Our bodies are 90% microbial and 10% human: fact or fiction? You may call me on shenanigans (or a much more censored word), but it is indeed a fact. Though there are millions of bacteria in the world that cause disease, there are also millions of bacteria in our bodies that help us throughout our daily lives. For example, Escherichia coli in our intestines help us absorb nutrients from our food, and Streptococcus salivarius in our mouths defend against Streptococcus pyogenes, the culprit behind strep throat.
In a recent study led by Sam Lai, assistant professor of pharmacy and engineering at University of North Carolina at Chapel Hill, a particular type of vaginal bacteria, Lactobacillus crispatus, has been found to protect against HIV and other sexually transmitted infections. Researchers collected samples of cervicovaginal mucus (CVM) from 31 women of reproductive age and introduced fluorescent HIV pseudovirus particles into each sample. High-resolution microscopy was then used to observe the reaction between bacteria colonizing CVM and HIV.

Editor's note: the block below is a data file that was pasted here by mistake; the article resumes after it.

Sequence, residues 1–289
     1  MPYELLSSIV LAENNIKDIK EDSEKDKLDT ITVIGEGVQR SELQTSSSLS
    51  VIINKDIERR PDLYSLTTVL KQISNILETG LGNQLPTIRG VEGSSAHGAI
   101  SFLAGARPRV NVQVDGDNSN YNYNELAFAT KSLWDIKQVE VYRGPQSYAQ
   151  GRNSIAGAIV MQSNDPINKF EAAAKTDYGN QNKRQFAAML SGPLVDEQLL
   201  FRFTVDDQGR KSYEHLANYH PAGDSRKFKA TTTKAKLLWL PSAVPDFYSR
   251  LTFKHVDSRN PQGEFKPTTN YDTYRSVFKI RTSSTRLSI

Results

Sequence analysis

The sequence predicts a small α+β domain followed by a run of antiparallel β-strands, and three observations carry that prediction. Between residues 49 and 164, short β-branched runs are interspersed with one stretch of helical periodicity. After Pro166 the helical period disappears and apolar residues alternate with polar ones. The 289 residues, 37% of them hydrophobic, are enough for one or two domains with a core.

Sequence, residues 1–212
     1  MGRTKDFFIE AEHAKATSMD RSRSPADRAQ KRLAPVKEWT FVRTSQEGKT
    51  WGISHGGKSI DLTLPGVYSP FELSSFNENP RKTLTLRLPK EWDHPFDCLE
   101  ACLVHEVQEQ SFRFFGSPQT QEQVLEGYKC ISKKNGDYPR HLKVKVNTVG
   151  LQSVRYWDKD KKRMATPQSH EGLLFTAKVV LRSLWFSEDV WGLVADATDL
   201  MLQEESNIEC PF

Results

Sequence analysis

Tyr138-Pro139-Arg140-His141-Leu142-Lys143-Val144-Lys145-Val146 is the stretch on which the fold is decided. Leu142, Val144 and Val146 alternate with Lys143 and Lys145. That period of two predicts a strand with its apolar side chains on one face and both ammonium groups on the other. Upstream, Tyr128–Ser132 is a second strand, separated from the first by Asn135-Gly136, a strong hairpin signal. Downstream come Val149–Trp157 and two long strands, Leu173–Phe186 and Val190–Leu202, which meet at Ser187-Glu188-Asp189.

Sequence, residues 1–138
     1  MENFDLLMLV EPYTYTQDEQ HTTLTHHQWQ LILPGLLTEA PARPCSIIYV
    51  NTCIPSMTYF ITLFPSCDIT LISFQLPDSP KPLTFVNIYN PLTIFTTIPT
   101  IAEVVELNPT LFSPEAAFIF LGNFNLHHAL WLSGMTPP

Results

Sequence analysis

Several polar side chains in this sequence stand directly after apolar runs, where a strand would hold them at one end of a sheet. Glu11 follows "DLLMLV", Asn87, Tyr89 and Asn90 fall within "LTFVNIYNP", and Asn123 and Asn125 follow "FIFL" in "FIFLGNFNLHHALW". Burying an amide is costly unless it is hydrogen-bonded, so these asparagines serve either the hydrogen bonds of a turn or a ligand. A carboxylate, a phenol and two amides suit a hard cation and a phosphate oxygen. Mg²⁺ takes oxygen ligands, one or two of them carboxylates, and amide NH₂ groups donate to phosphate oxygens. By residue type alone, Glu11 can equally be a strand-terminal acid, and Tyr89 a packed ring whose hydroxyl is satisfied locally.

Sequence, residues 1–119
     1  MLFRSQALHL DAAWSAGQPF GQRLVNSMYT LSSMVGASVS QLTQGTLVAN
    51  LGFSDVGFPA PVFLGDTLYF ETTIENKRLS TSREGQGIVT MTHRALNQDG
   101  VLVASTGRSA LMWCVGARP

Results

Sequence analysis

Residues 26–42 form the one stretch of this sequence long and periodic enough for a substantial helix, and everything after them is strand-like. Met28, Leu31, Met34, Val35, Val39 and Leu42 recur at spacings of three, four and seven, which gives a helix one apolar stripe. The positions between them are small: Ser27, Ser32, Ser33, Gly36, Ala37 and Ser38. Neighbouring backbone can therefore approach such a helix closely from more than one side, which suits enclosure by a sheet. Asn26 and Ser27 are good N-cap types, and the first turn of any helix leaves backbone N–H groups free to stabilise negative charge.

Image Source: Peter Dazeley
Among all of the CVM samples, there were two broad categories of CVM that the researchers discovered–CVM that was susceptible to HIV pseudovirus particles and CVM that was able to trap them within the mucus layer. When researchers isolated the bacteria within each category, they discovered that the samples with CVM capable of trapping HIV pseudovirus particles contained a large amount of Lactobacillus crispatus. Though it remains unclear how Lactobacillus crispatus is better at trapping HIV than other bacteria, Dr. Lai and his associates hypothesize that Lactobacillus crispatus may cause CVM to become sticky to the point that it is able to restrain HIV particles.
If the researchers are able to find a way to select for Lactobacillus crispatus in CVM, they may be able to produce some sort of “biological condom” that can help protect against HIV and other STIs. But for now, the rubber ones will have to do.